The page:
Waiting it out - When do price drops happen on new and used games?
Price drops are not done by stores at all. Certain DEALS might be, but prices are usually dictated by distributors who in turn are told directly by the company what price to sell games at.
Why the hell are most stores still selling Skyrim at $59.99?!
Simply put, if we (I work at a gaming store) drop the price, we will lose money on each game sold. I'm going to be quite frank with you all. The markup at retail for new games is small. On average, we buy new games (lets say the standard 59.99 titles) for around 52 dollars. That is an average markup of 8 dollars, plus whatever taxes you have in your area of the world (many of which end up somehow going away from the business and back to the government, so yeah).
We have no real way of dropping prices unless we are told by our distributors that we can. Some big box stores can eat a potential loss to get people into the store. Thus you'll see during Boxing Week sales game prices drop a large amount. I believe some places were selling Skyrim new at 40 bucks. They take a loss on each game sold, to try to get you into their store to buy more and keep you away from other stores.
We just had price drops TODAY, and the drops ranged greatly. Lego Lord of the Rings (fairly recent release) found itself 10 dollars less to pick up. No drop on Skyrim though. Lollipop Chainsaw went down to a bargain bin 20 dollars, as did i. I recall less than 3 months after release, The Darkness 2 went from a standard 60 bucks to 40 bucks. Not a bad title, just saw a quick price drop. Usually if a game gets a quick price drop, it is due to bad ratings (I'm looking at you, 20 dollar Medal of Honor: Warfighter!)
So, how can you tell if something will get a price drop? The short answer is it is almost impossible. Often times we are confused and uncertain as to why games get price drops while others do not. Our stores were selling more used copies of Black Ops than Modern Warfare 3, but it didn't get much of a price drop at all (we still are told to sell it new at 49.99, but nobody wants it for that). The best way to know is to check out the national sales and see how they are doing. If they appear to be rather poor, way down from previous weeks or months, that might be an indicator.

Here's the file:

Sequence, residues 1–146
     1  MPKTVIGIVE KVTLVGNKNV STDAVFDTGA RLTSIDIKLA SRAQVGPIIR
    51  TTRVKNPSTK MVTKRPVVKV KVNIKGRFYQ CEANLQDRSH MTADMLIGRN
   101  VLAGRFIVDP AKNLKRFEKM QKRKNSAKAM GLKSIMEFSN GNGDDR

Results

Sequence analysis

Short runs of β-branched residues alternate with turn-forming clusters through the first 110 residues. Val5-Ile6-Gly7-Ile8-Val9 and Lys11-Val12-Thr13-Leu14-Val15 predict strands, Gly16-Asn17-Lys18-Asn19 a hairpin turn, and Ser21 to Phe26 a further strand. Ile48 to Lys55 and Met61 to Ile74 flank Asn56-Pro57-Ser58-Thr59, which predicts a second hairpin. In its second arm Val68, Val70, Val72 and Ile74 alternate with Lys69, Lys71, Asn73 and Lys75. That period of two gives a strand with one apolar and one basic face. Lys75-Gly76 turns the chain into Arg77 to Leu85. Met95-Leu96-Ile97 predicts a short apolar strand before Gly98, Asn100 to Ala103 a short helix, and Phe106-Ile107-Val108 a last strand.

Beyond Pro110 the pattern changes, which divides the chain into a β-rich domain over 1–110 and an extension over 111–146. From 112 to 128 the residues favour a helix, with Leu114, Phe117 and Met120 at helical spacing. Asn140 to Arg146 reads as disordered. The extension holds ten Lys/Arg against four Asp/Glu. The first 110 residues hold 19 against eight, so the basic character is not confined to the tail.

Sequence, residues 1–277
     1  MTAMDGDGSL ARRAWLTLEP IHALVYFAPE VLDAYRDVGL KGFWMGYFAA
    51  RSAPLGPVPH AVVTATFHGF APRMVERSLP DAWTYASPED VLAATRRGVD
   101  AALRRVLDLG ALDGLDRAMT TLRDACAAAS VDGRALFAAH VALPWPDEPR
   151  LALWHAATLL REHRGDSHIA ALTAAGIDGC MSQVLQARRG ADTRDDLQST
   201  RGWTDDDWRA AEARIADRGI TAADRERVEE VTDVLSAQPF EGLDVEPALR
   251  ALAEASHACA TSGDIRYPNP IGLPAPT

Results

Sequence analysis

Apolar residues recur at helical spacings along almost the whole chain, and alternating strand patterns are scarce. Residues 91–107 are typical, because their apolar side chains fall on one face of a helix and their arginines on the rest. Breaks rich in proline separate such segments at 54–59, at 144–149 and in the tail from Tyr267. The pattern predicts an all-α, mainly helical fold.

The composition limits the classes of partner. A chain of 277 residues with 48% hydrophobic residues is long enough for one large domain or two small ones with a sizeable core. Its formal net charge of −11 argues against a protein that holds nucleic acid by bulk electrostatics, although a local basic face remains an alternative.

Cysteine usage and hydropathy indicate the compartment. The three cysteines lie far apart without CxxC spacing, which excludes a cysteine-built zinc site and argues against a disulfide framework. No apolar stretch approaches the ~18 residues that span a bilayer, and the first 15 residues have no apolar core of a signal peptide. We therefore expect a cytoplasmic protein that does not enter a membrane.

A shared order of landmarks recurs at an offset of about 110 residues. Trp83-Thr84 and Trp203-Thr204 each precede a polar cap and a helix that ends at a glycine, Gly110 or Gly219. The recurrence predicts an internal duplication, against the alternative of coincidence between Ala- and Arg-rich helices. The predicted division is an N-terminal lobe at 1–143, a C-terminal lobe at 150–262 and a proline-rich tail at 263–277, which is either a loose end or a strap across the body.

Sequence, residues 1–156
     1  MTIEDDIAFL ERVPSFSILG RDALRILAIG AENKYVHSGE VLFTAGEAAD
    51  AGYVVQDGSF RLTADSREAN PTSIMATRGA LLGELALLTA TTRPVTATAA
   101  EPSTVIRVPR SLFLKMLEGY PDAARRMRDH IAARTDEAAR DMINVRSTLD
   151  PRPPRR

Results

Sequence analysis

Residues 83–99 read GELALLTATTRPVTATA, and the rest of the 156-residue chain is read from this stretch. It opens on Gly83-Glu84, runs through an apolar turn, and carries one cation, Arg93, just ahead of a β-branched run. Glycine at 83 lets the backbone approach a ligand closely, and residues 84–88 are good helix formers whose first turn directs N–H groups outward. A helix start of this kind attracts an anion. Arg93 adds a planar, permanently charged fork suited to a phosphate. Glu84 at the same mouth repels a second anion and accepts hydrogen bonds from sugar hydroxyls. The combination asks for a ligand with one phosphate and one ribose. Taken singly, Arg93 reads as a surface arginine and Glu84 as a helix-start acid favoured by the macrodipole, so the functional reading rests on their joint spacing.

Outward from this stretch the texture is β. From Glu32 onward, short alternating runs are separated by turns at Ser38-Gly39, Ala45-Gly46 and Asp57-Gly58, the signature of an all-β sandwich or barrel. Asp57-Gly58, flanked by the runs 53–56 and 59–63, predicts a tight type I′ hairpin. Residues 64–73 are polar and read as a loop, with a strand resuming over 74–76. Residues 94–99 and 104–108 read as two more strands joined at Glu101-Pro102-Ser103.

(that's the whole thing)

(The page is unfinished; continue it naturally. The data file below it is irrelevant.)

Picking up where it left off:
Skyrim still sells amazing well, as there are not a lot of used copies available (most people keep their copy). If you get to know your LOCAL game store well, ask them if they have an inkling. Often times we will be asked to give our distributor a price protection number about a week before a price change (basically, if we have 20 copies of a game that will go down in price, we get that money off on another purchase. That way we aren't stuck with 20 copies of game we spent 52 dollars on, selling them for a new 30 dollar price).
I will leave you with an interesting anecdote. I know a gentleman who basically plays all games a year behind. So, last week he walked into the store with a list of games, all of which were releases from January 2012. This included the Silent Hill Collection (now 10 bucks less than release), Soul Calibur V (now 30 dollars less), and Final Fantasy 13-2. (now 20 dollars less). That is brand new... Now take into account we had used copies of each, the guy saved about 90 dollars from buying brand new to buying used 1 year later.
At first I thought the guy was crazy. But really, what are you missing? You still play the best games, just for a lot less. Maybe the multiplayer won't be as robust, but otherwise? He gets usually a bug free experience for WAY less money. Sounds like a smart idea to me.
Thanks for reading,
Jeff AKA Snoopy